14. 14. In short, how much longer would you live when you eat healthily?
  15. 15. Well, there was a large study… • in which one group ate healthily following a mediterranean diet (vegetables, fruits, fish, nuts, olive oil, red wine in moderation, …) • and the other group followed the official low-fat diet from the American Heart Association. The result?
  16. 16. 70% less mortality in the group that followed the mediterranean diet! The study was aborted after 2,5 years because it would be ‘unethical’ to let people continue the official low-fat American Heart Association diet… Source: Lyon diet heart study. Circulation, 2001
  17. 17. Another study…
  18. 18. … with 120 000 participants showed that when you 1. eat healthily (fish, nuts, vegetables, fruits, dark chocolate, red wine in moderation, little fast sugars or red meat, …) 2. are not overweight 3. don’t smoke 4. exercise regularly…
  19. 19. men live 8,5 years longer… and women live 15 years longer on avarage. Moreover, the healthy life span (the time that you are not afflicted with serious chronic diseases) is almost the double of these numbers… Source: The impact of a Mediterranean diet and healthy lifestyle on premature mortality in men and women. American Journal of Clinical Nutrition, 2011
  20. 20. In short, living healthily pays off! (and isn’t difficult)
  21. 21. THE END This presentation is based on ‘The food hourglass’, the international bestseller about diet and aging. www.foodhourglass.com
  22. 22. Some topics covered in The food hourglass: • Why most diets are unhealthy. • Why antioxdiants don’t slow down the aging process. • Why white tea reduces the appearance of wrinkles and is healthy for your blood vessels at the same time. • Why many fats are nonetheless good for your heart and your brain.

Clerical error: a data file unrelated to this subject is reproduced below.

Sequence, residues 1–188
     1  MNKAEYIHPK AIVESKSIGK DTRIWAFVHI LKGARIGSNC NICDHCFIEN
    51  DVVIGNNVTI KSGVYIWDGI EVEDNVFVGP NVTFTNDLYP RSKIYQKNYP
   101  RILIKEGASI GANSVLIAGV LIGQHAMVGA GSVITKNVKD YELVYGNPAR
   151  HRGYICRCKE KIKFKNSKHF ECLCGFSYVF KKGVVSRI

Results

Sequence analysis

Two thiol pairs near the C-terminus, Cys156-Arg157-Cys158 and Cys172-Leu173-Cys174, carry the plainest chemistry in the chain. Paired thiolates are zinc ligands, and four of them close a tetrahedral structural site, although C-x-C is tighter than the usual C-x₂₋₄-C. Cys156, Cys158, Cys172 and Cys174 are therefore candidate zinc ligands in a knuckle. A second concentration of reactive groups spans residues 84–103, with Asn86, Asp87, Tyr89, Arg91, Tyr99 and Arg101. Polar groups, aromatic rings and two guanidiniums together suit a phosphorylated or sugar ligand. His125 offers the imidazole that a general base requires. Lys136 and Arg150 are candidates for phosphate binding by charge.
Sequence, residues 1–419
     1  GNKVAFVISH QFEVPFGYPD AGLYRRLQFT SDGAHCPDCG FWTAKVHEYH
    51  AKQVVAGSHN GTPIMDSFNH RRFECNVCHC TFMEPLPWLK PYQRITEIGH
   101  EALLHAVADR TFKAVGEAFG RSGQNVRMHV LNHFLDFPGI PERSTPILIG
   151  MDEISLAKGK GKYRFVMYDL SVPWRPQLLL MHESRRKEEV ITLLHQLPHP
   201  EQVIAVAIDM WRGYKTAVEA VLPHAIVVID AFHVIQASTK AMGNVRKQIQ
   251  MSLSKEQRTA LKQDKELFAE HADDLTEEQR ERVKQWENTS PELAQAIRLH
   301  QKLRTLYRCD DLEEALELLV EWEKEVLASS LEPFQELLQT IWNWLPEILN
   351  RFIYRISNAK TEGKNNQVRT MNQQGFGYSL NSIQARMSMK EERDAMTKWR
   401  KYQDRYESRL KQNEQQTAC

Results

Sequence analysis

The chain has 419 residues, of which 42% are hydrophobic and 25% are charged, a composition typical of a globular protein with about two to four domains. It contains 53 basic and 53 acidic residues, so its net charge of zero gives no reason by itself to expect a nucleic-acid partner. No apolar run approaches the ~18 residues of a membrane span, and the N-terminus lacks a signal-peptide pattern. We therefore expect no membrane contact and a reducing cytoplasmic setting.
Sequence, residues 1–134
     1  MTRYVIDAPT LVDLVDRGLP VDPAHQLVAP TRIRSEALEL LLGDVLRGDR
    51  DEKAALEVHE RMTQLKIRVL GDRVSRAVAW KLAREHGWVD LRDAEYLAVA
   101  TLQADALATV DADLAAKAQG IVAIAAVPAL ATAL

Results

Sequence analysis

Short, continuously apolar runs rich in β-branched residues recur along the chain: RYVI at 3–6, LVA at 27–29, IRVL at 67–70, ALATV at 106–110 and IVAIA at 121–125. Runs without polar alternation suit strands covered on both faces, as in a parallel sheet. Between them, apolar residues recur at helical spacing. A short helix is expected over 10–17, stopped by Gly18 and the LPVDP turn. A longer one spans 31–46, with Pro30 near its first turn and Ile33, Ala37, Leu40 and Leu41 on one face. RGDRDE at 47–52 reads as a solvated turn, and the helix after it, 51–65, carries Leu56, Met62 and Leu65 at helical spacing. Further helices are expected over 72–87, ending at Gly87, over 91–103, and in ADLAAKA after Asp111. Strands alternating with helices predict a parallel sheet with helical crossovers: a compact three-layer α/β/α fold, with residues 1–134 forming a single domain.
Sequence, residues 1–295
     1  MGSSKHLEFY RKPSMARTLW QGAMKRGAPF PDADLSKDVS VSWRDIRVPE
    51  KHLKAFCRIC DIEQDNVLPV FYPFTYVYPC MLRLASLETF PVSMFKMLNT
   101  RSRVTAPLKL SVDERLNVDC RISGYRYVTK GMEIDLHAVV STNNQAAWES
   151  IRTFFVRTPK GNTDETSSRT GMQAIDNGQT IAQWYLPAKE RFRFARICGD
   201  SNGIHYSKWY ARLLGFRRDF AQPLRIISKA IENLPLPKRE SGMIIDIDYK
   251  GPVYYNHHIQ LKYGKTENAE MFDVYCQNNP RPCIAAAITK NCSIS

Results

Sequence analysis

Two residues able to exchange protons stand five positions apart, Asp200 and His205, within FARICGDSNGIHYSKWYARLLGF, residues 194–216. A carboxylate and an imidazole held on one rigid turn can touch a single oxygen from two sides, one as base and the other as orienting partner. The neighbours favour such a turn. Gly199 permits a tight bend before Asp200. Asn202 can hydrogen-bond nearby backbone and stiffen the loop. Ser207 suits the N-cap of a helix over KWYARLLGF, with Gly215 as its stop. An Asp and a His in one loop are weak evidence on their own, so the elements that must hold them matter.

23. 23. “In a fluent and readable style of writing, this doctor critically exposes the link between our genetically determined aging process and our diet. This is highly recommended for anyone who consciously wants to eat more healthily.” Herman Becq , MD, endocrinologist “Governments and public health institutions worrying about trends like the aging of populations worldwide and skyrocketing healthcare costs are strongly advised to read The food hourglass. The simple but thoroughly substantiated solution lies in healthier eating and living.” Reinier Evers, Trendwatcher of the Year, founder of Trendwatching.com
  24. 24. Interesting? Send this presentation on to family and friends Or to anyone whose health you want to improve
  25. 25. For more information on diet and aging go to www.foodhourglass.com
  26. 26. Sources The food hourglass – On weight loss and longevity, Dr Kris Verburgh, 2014 Fruit and vegetable juices and Alzheimer's disease, The American Journal of Medicine, 2006 Nut consumption and risk of coronary heart disease. Current Atherosclerosis Reports, 1999 Breast cancer risk in premenopausal women. Journal of Nutrition, 2004 Diet soft drink consumption is associated with an increased risk of vascular events in the Northern Manhattan Study, Journal of General Internal Medicine, 2012 Chocolate consumption and cardiometabolic disorders: systematic review and meta-analysis. British Medical Journal, 2011 Prospective cohort study of green tea consumption and colorectal cancer risk in women. Cancer Epidemiology, Biomarkers & Prevention, 2007 Green and black tea consumption and risk of stroke: a meta-analysis. Stroke, 2009 Anti-collagenase, anti-elastase and anti-oxidant activities of extracts from 21 plants, Biomedcentral, 2009 Early protection against sudden death by n-3 polyunsaturated fatty acids after myocardial infarction. Circulation, 2002 The impact of a Mediterranean diet and healthy lifestyle on premature mortality in men and women. American Journal of Clinical Nutrition, 2011 This presentation may not be changed by others (distributing this presentation is allowed). ©2015 Illustrations: Broccoli: Wikimedia, GNU Free Documentation License. Dark chocolate: John Loo , Flickr/WikiCommons Permission is granted to copy, distribute and/or modify this document under the terms of the GNU Free Documentation License, Version 1.2 or any later version published by the Free Software Foundation; with no Invariant Sections, no Front Cover Texts, and no Back-Cover Texts. A copy of the license is included in the section entitled "GNU Free Documentation License”. Other illustrations: Pixmac